|Test System "AA8XE"|
|CPU:||Intel Pentium 4 3.0F (S775; 2MB; Prescott)|
|Motherboard:||ABIT Fatal1ty AA8XE, Bios 1.4|
|Memory:||2x 512MB OCZ PC2-5400 EB 4-2-2-8|
|Video Card:||ATI X800 Non-Pro PCI-E|
|Harddisk:||Maxtor DiamondMax 160GB|
|Power Supply:||HEC Power475|
|Software:||Windows XP SP2, Catalyst 5.4|
PerformanceThe first test we did, is how the memory performs at a stock frequency of 200 FSB with timings recommended by OCZ.
Next, we increased the memory clock step by step to find out what the maximum speeds are, this memory can run at a standard of 1.8V. We reached 281 MHz, which is still a good deal away from the 333 MHz required for the DDR667 operation, OCZ promises.
Once we increased voltage to 2.0V we hit exactly that speed during overclocking tests. Personally I would say, that it is better to run this memory at 2.1V if you are going for DDR667, just to have a little bit of overclocking headroom and make sure stability is right, even when it's hot in summer.
The maximum clock test at 2.4V resulted in an impressive 363 MHz. Please note that OCZ's Extended Voltage Protection covers only voltages up to 2.31V (2.2V + 5%).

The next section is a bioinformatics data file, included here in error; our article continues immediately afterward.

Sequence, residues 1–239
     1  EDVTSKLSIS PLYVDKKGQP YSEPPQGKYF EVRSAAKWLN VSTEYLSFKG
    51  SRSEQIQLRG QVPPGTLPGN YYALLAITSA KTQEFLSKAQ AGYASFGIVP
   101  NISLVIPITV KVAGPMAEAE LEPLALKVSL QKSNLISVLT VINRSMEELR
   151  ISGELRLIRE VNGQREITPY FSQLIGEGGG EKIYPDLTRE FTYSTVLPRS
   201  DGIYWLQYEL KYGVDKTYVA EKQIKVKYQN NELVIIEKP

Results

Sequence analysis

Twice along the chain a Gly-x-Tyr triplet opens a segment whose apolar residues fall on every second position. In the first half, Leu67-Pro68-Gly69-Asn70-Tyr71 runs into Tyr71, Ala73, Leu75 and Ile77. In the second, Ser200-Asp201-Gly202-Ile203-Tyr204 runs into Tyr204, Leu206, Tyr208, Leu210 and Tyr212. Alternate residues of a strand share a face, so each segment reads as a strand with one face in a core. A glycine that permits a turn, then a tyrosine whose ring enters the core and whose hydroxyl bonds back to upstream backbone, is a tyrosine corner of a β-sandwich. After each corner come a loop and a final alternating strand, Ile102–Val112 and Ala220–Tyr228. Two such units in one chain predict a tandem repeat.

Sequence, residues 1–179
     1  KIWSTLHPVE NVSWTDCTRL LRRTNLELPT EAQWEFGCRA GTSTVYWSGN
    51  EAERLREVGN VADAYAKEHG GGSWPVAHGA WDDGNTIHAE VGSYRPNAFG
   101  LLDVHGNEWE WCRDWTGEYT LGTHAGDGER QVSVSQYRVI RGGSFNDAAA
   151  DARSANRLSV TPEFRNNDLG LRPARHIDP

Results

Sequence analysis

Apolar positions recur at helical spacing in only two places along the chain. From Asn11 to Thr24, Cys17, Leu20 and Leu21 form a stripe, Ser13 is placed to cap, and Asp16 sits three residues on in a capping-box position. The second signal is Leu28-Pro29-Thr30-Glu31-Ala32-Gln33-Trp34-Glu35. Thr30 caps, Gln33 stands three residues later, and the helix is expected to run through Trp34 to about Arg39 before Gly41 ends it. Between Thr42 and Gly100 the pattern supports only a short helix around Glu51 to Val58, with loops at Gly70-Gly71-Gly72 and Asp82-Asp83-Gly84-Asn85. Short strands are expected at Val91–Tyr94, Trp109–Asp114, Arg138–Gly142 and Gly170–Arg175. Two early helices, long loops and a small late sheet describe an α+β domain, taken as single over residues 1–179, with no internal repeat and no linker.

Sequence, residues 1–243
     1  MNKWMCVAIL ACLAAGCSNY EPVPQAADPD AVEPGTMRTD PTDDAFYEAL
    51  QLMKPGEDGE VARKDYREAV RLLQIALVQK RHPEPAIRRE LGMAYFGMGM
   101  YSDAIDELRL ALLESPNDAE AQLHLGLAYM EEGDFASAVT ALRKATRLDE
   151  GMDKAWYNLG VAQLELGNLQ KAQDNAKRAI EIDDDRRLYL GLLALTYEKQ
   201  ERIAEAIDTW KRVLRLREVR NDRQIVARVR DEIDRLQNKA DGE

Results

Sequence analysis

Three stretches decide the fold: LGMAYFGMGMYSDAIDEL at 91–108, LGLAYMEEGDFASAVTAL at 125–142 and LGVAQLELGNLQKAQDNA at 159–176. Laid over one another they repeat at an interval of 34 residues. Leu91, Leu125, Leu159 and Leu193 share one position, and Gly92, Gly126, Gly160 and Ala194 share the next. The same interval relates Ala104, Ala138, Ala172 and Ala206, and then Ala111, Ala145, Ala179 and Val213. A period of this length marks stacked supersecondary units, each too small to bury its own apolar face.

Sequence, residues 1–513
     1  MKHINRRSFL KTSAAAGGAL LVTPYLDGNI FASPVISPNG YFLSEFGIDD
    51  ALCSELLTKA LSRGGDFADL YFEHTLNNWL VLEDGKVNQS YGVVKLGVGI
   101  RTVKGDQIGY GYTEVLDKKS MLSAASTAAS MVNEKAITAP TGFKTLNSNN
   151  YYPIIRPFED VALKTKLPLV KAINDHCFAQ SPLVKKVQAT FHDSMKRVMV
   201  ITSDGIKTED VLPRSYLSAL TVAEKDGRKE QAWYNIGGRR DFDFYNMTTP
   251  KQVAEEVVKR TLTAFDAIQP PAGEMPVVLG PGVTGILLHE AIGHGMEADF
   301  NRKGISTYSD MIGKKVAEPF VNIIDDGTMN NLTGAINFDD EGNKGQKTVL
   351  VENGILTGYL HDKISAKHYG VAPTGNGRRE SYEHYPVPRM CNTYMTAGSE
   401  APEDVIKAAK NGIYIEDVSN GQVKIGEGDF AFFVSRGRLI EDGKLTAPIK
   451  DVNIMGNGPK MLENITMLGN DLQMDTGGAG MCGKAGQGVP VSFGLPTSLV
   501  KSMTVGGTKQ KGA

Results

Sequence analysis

The last test "JEDEC DDR2-400" is for comparison with a generic DDR2 module running at JEDEC standard timings.
|OCZ DDR2 PC2-5400 Platinum EB|
|CPU Clock &|
|15 x 200 1:1||200 MHz||4-2-2-8 1.8V||5721 MB/s||1793 MB/s||97.1 ns||302.7||20319||43.27|
|15 x 211 3:4||281 MHz||4-2-2-8 1.8V||6336 MB/s||2256 MB/s||86.3 ns||323.6||21004||40.49|
|15 x 250 3:4||333 MHz||4-2-2-8 2.0V||7531 MB/s||2651 MB/s||74.1 ns||385.2||23322||34.25|
|15 x 272 3:4||363 MHz||4-2-2-8 2.4V||8083 MB/s||2893 MB/s||67.0 ns||416.3||24435||31.35|
|15 x 200 1:1||JEDEC DDR2-400||4-4-4-12 1.8V||5325 MB/s||1585 MB/s||102.0 ns||299.0||19884||44.28|
It was to be expected that the synthetic benchmarks which Everest runs, are to gain most from overclocking. Over 8000 MB/s in Everest Read is awesome.
Application benchmarks clearly show, that there is a good deal of performance to be gained from overclocking.
DDR562 @ 1.8V
DDR666 @ 2.0V
DDR726 @ 2.4V
Performance increase in ScienceMark is consistent as well.
We also tried increasing and decreasing the latencies. Tighter latencies did either not work or not considerably improve performance. With loose timings of 5-5-5-15 @ 2.10 V we could run the memory at an impressive 375 MHz. This shows that even if you reach the memory's clock limits, you can still reduce latencies to bump that up.
Letting a fan blow air on the memory did not help more than 1-3 MHz FSB, so it is not worth it for the added noise.